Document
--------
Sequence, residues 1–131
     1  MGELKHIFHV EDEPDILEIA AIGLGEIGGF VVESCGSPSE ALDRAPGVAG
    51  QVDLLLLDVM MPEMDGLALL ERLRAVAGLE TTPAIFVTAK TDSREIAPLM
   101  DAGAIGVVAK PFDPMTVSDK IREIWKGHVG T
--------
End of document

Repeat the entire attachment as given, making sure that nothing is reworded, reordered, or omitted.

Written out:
Sequence, residues 1–131
     1  MGELKHIFHV EDEPDILEIA AIGLGEIGGF VVESCGSPSE ALDRAPGVAG
    51  QVDLLLLDVM MPEMDGLALL ERLRAVAGLE TTPAIFVTAK TDSREIAPLM
   101  DAGAIGVVAK PFDPMTVSDK IREIWKGHVG T